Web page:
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Cycling News Extra for July 18, 2006

Edited by John Stevenson & John Kenny

Evans & McEwen confident

By John Trevorrow

Coming up on

Cyclingnews will cover the 60th edition of the Dauphiné Libéré live as of stage 4 on Wednesday, June 10, at approximately 15:00 local Europe time (CEST)/ 23:00 Australian time (CDT)/ 9:00 (USA East).

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The tough climbs of the third week begin today with stage 15's ride to l'Alpe d'Huez. Finally, some sort of order should be imposed on the general classification of the Tour de France. Cadel Evans believes he has the form to match it with the best on the climbs, whereas Robbie McEwen will concentrate on getting through the Alps unscathed to secure the green jersey in Paris.

Cadel Evans

A motivated Cadel Evans,
Photo ©: Anthony Tan
(Click for larger image)

"Always, the third week of the Tour everything changes for everyone. I am sure this will be no different."

"So far so good, it is still going okay. I can't say a lot on how I am and how I am going to be because this Tour is so different to the last Tour - and it is only my second Tour - so I don't have a long history to base everything on, or plan on, or know what to expect. So the third week is where it comes down to the physique of the riders and riders who are not only well trained and well prepared for the race, but haven't stressed themselves earlier in the season and so on. For me it is the interesting end of the race … and a tiring one. [Sunday's performance] was a promising sign, but this Tour is so different to last year. And for me personally, its hard to compare the two. I don't really want to compare the two because they are contrasts.

"From the contenders [Landis] seems to be the one leading at the moment, his time trial is better than the rest of us. So maybe it is for him to lose.

"It's such a different Tour. [Formerly we would have had] Discovery making a selection and [there would be] a couple of riders who could stay with Armstrong for a while. But now we don't have such a strong team to make the early selection. That alone changes [the race a] lot, plus [there are the other] unpredictable factors in this sport and this race."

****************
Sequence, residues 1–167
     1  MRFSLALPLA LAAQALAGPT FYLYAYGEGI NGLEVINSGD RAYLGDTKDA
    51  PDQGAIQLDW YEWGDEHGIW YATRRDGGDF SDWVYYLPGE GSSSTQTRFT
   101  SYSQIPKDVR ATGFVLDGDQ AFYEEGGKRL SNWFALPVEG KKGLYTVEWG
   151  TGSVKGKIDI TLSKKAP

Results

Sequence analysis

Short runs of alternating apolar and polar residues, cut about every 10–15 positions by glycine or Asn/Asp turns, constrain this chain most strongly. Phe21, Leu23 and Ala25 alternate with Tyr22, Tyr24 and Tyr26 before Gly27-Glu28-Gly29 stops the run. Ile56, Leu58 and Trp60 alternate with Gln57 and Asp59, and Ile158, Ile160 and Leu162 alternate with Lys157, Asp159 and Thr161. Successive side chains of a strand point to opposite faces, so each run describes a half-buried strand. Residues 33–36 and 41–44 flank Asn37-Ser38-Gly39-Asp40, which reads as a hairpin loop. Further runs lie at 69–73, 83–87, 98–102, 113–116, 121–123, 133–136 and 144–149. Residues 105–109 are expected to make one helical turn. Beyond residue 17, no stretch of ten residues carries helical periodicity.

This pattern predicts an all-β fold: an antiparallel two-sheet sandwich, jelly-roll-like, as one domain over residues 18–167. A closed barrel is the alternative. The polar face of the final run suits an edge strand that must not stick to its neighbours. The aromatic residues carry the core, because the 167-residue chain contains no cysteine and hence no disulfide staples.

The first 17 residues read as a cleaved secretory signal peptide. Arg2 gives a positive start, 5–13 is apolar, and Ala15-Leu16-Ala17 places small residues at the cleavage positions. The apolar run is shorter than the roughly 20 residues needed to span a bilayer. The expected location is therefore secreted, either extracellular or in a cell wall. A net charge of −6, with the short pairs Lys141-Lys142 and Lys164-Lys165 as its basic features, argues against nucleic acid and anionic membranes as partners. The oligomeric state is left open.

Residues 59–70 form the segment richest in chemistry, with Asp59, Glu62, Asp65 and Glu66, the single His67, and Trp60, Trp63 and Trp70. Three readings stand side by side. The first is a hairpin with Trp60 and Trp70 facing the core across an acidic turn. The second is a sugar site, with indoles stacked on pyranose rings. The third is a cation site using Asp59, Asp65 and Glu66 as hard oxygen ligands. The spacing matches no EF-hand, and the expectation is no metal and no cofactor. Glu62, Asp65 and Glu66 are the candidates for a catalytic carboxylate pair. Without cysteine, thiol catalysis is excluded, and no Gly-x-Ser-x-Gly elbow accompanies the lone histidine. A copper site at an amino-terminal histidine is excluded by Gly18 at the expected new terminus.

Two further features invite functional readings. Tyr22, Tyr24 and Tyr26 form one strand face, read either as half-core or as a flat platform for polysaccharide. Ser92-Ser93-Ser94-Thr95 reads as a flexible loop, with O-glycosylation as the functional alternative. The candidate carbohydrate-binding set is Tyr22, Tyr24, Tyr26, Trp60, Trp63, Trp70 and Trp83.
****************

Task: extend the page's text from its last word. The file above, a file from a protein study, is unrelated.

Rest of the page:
Q: When will be the decisive stage?

CE: "I don't know. I am waiting find out for myself. The time trial probably. I am not counting numbers or anything. Just ride a good Tour. Be there. Ride a good race. That always brings good results in a race like this. I don't like to look at the numbers. It doesn't synch with me. Put it this way, if say, I come fourth or I come fifth, everyone will write something bad about me."

Robbie McEwen
Photo ©: Anthony Tan
(Click for larger image)

Robbie McEwen

"I am riding my race according to my tactics and not according to somebody else's wishes. For me the coming three days, not much should happen. Being mountain stages [means that] none of the sprinters will win those stages. Even the intermediate sprints are pretty hard to get to.

"I will just have to stay concentrated. It has been a hard competition this year. In the last five years I have always been in the green jersey competition. You can lose it so quickly. I know how close you can get. Maybe with a little luck I would have had four [green jerseys].

"Most of the battle hasn't been televised."

Rest Day wrap: Tour 2006 still wide open

Freire vs McEwen in stage 9
Photo ©: AFP
(Click for larger image)

It was billed as the most unpredictable Tour in years and so it has proved. Cyclingnews' Shane Stokes looks back at an exciting week of racing, documenting how some contenders have fallen by the wayside while others have set up a possible bid for yellow in the final week.

Fourteen down, six to go: the 2006 Tour de France is over two thirds of the way through, but the race is still very much an open affair. The first seven riders are all within four minutes of the yellow jersey and with three tough mountain stages, two road stages and a long time trial still to come, a ding-dong battle looks set to be waged between here and Paris.

Click here for the full round up of the second phase of the 2006 Tour.

French paper hits back at Armstrong

"Welcome to France asshole" was the headline on Monday's edition of the newspaper France Soir, which carried an angry reaction to Lance Armstrong's comments about the French football team over the weekend.

At the ESPY awards, Armstrong joked that all the French team's players had "tested positive ... for being assholes."

Armstrong arrived in France yesterday to join his Discovery Channel team at the Tour de France and the paper accused him of a publicity stunt intended to distract attention from Discovery's performance at the Tour.

"Has Lance Armstrong lost the plot?" the paper asked in an editorial. "The guy who doesn't speak out in public before consulting his lawyers seven times? Apparently not.

"His outburst has been designed to bring publicity to his Discovery Channel team. They are 10th in the race's team standings, and have been hugely disappointing on the race."

Ullrich says he is "innocent until proven guilty"

By Susan Westemeyer

"Under our legal system, I am, like everyone else, considered innocent until proven guilty," Jan Ullrich said on Monday in his first -- and possibly last -- public statement on his implication in the Operation Puerto doping scandal. He denied that he has gone into hiding, and said that contrary to previous reports, his attorneys submitted a written position to his team within the time limit the team had set.

T-Mobile team manager Olaf Ludwig confirmed to the SID press agency that the repot had been received, however, it said only that it was not up to him to prove his innocence, and that there was no direct evidence to prove his guilt.